One-armed gardening

Auricula Jungfrau 0519
Auricula Jungfrau, Tostat, May 2019

So, the tendons are mending- but largely one-armed gardening continues as I am keen not to mess it all up again, which is probably what I did in the early Spring.  So, some parts of the garden are engaged in slugging it out with annual weeds and that nightmare called ‘Sticky Willy’ in Scotland…whilst other parts have benefitted from my rather feeble attempts with the left hand.  I have to just accept it.  Most things are in their 2nd/3rd years or older and so will eventually tower over the rubbish, which will start to wilt once the warm weather arrives.  Be stoical, I say to myself.

I bought some tiny auriculas on my last but one visit to Chelsea, which puts it at at least six years ago.  I loved them dearly outside in a little raised, stony bed in Linlithgow and they loved the coolness of it all.  Needless to say, they have toiled here- but they hang on in there and I keep them in the shade, but sometimes with less moisture than they would like.  This year,  Auricula Jungfrau has been the best- it is a pale pinky-peach colour, normally a little inside the beige range for me- but up close, they have a miniature baroque quality to them, and they look as if cherubim with nothing on should be holding them in swags.  I am rather glad that they are not cream-coloured as Barnhaven suggest in the link.

Cerinthe yellow 0519
Cerinthe yellow, Tostat, May 2019

This year, following a link on Noel Kingsbury’s new blog from Portugal, I bought seed from a lovely man called Liberto Dario.  He has a Facebook page and if you would like seed from him, message him on Facebook and he will send you the lists.  I have been really enjoying trying the seed out.  This gorgeous yellow Cerinthe was something I tried early this Spring.  It is about the same height as the blue Cerinthe, but a bit bushier in inclination and the flowers are a lot shyer.  You have to look for them under the mottled leaves, but they are so fresh and pretty with the red splodge at the top and the vibrant yellow.  They seem to be as tough as the blue, so let’s see if I can get seed from them later in the year.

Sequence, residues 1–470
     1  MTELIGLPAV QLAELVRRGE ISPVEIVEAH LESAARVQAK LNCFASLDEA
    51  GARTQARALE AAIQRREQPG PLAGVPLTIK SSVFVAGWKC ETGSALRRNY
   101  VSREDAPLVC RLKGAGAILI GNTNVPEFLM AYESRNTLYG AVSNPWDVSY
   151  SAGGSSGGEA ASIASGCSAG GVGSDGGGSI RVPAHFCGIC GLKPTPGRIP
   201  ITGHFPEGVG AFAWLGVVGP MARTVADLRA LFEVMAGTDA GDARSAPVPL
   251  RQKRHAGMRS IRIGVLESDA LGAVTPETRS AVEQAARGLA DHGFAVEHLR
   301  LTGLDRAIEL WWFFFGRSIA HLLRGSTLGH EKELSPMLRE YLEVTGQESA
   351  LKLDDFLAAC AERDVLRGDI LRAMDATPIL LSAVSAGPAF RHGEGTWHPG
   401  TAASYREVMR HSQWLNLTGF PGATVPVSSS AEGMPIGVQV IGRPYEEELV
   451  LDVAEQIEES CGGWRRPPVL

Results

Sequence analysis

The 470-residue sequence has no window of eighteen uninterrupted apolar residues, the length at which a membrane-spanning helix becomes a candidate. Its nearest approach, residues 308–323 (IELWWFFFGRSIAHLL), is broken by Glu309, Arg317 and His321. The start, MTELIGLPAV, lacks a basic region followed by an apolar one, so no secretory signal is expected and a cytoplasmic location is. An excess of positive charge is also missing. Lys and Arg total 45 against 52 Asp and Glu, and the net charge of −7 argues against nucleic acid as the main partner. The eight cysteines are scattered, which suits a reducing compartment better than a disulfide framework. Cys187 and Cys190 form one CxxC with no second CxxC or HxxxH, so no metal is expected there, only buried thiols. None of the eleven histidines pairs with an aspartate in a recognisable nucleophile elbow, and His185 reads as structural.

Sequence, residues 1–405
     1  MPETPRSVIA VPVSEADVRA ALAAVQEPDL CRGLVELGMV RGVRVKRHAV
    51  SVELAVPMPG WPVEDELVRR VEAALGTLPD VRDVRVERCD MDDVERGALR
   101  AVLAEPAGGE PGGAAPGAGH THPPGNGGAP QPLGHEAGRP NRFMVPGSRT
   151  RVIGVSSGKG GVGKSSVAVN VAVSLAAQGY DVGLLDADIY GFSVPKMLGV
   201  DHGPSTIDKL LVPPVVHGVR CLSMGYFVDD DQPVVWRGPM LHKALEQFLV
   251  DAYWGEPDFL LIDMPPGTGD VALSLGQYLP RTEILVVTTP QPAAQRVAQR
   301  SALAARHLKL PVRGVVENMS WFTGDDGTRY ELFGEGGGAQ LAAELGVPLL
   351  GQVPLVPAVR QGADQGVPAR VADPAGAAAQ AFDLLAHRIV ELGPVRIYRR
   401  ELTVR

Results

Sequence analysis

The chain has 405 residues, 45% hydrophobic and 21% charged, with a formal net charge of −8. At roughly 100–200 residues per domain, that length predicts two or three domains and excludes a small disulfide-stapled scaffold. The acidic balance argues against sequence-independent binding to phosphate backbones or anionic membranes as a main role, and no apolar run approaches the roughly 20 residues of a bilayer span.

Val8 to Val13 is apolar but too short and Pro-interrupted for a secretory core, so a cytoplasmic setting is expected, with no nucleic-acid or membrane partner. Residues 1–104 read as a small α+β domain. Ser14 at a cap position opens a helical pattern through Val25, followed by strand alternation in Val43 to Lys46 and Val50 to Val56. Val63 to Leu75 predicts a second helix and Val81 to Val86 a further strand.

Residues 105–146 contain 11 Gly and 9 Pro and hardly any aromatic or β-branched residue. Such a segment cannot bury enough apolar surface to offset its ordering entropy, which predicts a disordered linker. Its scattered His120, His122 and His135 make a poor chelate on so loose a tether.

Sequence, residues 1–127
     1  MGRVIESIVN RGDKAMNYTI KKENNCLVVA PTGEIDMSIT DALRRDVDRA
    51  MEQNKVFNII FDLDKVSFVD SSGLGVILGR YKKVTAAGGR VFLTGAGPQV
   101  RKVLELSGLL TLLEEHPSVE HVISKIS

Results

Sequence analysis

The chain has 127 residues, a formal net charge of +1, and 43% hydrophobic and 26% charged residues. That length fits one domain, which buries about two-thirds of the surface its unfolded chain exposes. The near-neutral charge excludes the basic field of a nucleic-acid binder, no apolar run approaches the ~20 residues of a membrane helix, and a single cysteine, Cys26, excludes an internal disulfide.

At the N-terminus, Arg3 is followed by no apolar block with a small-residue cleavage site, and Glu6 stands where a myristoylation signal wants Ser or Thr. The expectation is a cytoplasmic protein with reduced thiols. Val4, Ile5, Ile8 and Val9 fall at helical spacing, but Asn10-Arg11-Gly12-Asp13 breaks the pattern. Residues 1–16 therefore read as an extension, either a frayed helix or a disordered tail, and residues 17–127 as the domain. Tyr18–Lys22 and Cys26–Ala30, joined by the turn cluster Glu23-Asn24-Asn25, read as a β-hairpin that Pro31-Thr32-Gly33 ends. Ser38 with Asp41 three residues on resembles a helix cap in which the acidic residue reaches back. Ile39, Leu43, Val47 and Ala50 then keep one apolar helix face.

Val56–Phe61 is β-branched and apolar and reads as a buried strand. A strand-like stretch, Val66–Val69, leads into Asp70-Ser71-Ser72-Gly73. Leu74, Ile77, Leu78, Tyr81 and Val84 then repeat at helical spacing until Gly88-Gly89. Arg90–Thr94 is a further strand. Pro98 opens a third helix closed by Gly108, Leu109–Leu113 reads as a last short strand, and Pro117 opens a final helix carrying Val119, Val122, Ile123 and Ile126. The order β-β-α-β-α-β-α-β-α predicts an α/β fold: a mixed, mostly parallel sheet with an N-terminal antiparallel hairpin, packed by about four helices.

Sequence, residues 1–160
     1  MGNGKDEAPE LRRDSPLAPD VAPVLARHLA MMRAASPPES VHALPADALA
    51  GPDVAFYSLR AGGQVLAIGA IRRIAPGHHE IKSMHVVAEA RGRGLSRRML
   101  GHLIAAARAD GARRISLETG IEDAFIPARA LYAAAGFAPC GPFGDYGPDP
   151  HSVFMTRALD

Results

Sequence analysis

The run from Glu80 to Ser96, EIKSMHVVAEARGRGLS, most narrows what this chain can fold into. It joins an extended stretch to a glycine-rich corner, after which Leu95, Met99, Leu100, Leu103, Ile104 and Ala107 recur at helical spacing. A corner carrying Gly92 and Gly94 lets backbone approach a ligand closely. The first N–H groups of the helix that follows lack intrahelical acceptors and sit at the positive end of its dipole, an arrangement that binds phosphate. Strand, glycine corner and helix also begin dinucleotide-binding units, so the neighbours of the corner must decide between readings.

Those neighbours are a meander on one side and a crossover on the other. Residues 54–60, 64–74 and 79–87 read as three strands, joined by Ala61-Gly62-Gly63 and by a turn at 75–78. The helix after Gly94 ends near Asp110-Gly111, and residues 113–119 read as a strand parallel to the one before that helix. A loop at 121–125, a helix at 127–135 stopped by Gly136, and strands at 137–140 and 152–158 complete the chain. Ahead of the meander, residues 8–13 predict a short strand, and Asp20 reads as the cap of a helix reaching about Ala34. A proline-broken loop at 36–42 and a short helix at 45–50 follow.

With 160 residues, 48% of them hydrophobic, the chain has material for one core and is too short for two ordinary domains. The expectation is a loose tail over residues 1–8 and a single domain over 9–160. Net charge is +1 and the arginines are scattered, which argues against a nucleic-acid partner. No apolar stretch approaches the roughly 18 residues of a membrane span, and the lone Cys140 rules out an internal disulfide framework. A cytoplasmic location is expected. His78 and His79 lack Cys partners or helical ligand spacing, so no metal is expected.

Geum TT 0519
Geum Totally Tangerine, Tostat, May 2019

Poor old Totally Tangerine, I think, found last summer altogether too much, too much heat and too little rain.  By last year, my clumps of this great Geum were really big- this year they have been on a diet, but are still there.  I may consider moving them back into the shade of the Daphne in the autumn and see if that perks them up.

Cotinus coggrygria Royal Purple 0519
Cotinus coggygria Royal Purple, Tostat, May 2019

This is the time of the year when, if it’s sunny, you need to be up either really early or getting into the evening-  the light is already almost too strong for good photographs.  But I just made it with the new foliage on Cotinus coggygria ‘Royal Purple’- vibrant ruby coloured and just flushed with dew.

Rosa Mrs Oakley Fisher 0519
Rosa Mrs Oakley Fisher, Tostat, May 2019

There is a story to Rosa Mrs Oakley Fisher.  I bought one 30 years ago for my Mum, who was a green-fingered garden lover. I thought she would love it for the apricot flowers and the slightly 1920s form of it.  Embarassingly for her, it died on her, but she didn’t tell me till ages later. So, when I saw it again last year for sale here in France, I wanted one to remember my Mum by.  Last year, it was very unhappy and I thought it might have gone the way of the original.  But no, this year, it looks as if it has cracked it, and the slim, elegant buds are just about to burst on the next sunny day.

Convolvulus cneorum 0519
Convolvulus Cneorum, Tostat, May 2019

Frost is still around. This isn’t unusual but a bit annoying.  It is one reason, as well as the one-armed situation, why my tender pots are still all clustered, albeit outdoors, near to the house at the back where they get a bit of warmth from the walls.  Just a touch of frost though gives some plants a diamond-necklace look. It certainly doesn’t bother Convolvulus cneorum at all- one of life’s tougher troopers.

Geranium maculatum Espresso 0519
Geranium maculatum ‘Espresso’, Tostat, May 2019